Planning Ahead in the Department of Defense

by David Novick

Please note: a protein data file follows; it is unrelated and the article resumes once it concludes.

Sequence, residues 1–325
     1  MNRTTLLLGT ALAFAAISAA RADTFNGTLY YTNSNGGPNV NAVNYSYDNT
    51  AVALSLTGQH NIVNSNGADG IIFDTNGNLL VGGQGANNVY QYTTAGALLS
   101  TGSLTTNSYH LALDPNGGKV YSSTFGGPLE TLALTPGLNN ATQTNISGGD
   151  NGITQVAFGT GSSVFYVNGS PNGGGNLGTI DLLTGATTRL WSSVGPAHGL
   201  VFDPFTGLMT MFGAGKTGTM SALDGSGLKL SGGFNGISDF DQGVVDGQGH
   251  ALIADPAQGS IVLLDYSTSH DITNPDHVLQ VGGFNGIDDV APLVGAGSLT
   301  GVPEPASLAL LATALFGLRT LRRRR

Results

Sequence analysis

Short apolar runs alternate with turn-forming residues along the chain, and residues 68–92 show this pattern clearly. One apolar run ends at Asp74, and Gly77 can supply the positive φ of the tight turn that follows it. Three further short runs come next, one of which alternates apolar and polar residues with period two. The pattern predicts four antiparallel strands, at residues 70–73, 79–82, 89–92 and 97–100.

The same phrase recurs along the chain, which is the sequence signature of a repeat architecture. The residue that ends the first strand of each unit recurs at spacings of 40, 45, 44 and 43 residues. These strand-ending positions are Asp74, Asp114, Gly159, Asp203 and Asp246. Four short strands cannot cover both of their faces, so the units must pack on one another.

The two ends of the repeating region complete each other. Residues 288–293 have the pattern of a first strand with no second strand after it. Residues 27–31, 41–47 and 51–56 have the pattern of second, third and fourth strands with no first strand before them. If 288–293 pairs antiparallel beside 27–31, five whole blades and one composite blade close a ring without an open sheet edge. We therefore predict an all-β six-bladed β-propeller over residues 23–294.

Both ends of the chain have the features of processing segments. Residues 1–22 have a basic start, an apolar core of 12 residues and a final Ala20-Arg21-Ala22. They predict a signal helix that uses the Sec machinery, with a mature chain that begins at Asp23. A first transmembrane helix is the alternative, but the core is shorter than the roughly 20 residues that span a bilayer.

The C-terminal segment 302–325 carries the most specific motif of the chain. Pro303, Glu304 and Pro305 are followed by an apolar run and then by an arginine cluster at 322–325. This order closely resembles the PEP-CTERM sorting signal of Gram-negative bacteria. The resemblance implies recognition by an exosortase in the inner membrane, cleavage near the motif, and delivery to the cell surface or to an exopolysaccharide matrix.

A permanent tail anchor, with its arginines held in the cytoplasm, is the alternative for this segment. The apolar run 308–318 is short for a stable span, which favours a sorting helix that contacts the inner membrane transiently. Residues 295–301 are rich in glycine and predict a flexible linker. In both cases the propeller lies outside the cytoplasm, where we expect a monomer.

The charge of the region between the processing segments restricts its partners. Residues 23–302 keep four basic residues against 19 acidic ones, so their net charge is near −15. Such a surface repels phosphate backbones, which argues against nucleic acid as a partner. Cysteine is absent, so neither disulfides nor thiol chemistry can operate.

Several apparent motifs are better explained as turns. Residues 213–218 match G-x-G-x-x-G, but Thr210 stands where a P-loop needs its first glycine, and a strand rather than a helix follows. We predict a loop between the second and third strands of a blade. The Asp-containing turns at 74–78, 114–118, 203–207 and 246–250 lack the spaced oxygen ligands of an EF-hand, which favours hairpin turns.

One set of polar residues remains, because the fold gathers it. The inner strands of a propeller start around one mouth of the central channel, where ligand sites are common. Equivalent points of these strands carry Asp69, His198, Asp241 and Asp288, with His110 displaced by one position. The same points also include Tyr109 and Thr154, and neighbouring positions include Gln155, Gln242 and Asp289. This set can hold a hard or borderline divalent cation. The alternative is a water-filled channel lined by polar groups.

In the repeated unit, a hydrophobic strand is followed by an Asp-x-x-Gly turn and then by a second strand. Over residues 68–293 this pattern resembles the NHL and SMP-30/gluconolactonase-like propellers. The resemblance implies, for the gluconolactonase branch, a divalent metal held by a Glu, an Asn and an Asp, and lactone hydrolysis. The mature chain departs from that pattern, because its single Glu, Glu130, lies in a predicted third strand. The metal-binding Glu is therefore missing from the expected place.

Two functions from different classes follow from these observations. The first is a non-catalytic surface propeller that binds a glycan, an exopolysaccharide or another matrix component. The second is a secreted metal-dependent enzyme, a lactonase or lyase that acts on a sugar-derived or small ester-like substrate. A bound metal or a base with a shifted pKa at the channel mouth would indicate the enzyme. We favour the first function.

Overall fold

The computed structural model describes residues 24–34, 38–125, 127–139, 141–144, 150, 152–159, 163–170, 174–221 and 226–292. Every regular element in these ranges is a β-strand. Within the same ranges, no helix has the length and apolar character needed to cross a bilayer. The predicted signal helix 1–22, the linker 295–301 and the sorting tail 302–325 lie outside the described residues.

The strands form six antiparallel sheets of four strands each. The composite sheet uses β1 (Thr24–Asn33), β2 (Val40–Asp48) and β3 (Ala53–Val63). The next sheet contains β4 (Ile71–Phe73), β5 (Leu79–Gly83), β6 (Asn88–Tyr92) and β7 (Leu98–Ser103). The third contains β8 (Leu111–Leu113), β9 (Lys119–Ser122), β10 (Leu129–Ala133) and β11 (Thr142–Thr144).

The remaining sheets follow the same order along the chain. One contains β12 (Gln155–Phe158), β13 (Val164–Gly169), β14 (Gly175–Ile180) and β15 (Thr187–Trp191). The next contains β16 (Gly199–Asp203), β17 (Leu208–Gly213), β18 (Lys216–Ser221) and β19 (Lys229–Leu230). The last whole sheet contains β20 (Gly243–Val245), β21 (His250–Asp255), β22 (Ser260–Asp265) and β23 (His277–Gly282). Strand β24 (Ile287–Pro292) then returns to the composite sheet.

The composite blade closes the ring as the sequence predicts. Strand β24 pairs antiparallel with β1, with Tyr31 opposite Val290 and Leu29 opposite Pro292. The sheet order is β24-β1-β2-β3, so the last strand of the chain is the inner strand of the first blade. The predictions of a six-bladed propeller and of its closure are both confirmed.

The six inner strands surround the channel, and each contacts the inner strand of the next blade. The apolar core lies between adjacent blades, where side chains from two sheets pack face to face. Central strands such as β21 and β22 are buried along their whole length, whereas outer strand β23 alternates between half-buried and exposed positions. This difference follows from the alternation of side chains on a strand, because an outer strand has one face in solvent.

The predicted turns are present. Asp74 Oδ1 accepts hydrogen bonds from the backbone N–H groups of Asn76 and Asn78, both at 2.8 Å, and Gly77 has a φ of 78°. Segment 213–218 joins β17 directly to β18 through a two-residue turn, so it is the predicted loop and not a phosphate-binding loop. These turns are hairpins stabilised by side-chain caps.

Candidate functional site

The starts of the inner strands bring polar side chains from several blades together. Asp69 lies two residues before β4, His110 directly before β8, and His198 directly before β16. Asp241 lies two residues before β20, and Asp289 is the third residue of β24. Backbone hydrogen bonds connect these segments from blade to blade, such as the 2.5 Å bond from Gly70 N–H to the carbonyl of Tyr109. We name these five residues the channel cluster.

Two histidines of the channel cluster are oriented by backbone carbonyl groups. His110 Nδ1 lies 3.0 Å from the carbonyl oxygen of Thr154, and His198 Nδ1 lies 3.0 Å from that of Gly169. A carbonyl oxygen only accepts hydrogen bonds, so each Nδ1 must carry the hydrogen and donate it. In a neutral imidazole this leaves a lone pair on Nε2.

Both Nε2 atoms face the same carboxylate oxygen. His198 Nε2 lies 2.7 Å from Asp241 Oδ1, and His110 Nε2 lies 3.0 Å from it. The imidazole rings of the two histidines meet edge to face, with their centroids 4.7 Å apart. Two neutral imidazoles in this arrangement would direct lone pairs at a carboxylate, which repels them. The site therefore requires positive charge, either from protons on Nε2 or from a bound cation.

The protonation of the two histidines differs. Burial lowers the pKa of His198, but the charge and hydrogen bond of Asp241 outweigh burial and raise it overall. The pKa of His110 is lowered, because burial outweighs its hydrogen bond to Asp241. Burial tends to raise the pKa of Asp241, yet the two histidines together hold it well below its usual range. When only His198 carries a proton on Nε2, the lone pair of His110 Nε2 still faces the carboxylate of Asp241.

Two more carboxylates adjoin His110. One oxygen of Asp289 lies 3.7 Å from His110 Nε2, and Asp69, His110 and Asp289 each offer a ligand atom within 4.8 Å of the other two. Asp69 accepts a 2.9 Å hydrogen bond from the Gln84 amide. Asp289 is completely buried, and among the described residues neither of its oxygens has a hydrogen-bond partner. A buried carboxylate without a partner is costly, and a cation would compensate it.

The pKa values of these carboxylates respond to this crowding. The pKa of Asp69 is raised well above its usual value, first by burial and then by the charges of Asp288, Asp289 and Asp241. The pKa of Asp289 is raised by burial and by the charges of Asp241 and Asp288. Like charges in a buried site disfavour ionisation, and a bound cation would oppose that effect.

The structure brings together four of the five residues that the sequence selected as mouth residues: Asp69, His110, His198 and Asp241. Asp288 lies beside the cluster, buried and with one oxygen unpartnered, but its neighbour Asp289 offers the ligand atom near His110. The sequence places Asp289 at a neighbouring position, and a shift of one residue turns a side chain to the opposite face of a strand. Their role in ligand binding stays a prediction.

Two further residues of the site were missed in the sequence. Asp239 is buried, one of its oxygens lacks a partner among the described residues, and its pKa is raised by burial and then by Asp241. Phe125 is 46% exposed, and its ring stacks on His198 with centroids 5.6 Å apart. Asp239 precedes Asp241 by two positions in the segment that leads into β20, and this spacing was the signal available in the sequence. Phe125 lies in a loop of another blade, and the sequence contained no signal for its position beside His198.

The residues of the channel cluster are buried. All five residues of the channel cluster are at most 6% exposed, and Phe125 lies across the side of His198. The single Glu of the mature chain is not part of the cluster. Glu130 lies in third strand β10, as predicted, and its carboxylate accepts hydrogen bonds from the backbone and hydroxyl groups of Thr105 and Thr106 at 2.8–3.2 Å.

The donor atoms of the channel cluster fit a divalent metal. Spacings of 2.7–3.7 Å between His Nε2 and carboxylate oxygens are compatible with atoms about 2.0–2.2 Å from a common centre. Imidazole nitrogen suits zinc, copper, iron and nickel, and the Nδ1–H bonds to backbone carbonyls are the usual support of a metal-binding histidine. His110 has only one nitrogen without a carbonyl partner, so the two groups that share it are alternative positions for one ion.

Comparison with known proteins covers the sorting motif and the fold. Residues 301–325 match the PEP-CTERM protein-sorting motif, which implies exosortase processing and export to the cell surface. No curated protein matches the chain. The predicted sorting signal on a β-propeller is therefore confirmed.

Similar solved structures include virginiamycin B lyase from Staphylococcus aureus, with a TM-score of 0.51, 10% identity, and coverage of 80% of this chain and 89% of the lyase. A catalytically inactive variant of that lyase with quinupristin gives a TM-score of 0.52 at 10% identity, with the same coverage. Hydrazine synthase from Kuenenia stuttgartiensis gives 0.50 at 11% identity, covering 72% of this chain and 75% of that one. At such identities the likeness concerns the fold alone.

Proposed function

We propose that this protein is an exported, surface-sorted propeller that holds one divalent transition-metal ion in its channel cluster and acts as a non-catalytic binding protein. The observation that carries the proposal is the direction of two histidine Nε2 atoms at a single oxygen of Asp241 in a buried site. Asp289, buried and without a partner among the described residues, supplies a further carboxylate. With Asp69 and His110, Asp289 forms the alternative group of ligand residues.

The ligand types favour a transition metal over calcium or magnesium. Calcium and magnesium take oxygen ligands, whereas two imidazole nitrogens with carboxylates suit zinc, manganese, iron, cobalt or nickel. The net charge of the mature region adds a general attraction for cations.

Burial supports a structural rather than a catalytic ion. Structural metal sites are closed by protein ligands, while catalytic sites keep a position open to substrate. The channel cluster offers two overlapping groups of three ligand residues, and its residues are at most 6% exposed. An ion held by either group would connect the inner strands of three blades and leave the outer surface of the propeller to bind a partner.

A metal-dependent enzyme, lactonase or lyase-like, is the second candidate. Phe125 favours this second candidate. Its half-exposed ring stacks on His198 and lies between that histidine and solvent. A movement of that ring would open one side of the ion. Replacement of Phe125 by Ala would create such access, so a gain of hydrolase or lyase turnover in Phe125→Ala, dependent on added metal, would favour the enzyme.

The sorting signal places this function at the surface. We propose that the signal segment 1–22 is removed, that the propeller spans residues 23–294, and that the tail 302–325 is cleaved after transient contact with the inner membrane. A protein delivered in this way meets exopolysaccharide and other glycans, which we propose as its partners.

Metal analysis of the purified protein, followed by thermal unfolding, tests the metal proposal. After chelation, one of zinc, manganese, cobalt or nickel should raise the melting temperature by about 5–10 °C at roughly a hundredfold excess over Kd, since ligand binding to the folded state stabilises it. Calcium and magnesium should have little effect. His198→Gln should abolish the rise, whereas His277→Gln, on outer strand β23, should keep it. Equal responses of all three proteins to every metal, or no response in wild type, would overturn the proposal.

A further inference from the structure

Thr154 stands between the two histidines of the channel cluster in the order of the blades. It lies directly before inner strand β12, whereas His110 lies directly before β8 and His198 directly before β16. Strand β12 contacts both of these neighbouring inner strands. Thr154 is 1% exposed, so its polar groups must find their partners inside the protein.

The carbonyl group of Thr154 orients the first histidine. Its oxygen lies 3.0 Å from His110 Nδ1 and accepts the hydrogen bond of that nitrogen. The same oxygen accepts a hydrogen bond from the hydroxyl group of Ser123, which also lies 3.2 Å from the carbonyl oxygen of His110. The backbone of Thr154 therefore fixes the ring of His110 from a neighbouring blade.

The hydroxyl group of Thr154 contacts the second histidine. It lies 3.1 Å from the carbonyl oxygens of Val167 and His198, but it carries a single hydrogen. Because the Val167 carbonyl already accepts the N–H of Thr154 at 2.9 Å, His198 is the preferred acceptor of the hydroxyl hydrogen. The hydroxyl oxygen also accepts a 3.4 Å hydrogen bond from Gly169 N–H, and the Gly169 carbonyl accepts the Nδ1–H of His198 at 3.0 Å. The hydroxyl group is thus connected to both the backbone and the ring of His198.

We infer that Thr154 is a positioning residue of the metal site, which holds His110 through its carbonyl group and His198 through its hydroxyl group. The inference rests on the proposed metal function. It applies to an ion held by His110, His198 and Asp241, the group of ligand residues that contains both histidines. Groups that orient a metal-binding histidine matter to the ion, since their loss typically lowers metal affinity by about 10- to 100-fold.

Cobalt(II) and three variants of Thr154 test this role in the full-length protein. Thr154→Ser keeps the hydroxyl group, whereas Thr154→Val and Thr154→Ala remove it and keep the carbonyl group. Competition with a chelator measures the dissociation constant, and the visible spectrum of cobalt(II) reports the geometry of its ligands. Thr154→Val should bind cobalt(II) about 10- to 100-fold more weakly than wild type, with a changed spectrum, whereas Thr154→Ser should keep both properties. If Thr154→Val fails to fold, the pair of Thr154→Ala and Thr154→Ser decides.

This article describes a new planning and programming process that was initiated within the Department of Defense in early 1961. The significant feature of this process is the approach that is taken to decision-making and control in the vital area of defense expenditures. Planning is considered in long-range terms of missions, forces and weapon systems, that is, resource outputs, rather than in terms of the standard appropriation categories of procurement, construction, personnel, that is, resource inputs. The strongest factor has been the diminishing relevance of military service boundaries to the major missions or programs, such as continental defense or limited warfare. Today, a major program is no longer within the exclusive province of an individual military service, but rather, in varying degrees, is within the provinces of all the services. The long development-production cycle of the typical modern weapon system has increasingly limited the value of annual budgeting as a planning tool. In addition, conventional appropriation categories in the defense budget have further limited the value of such budgeting.

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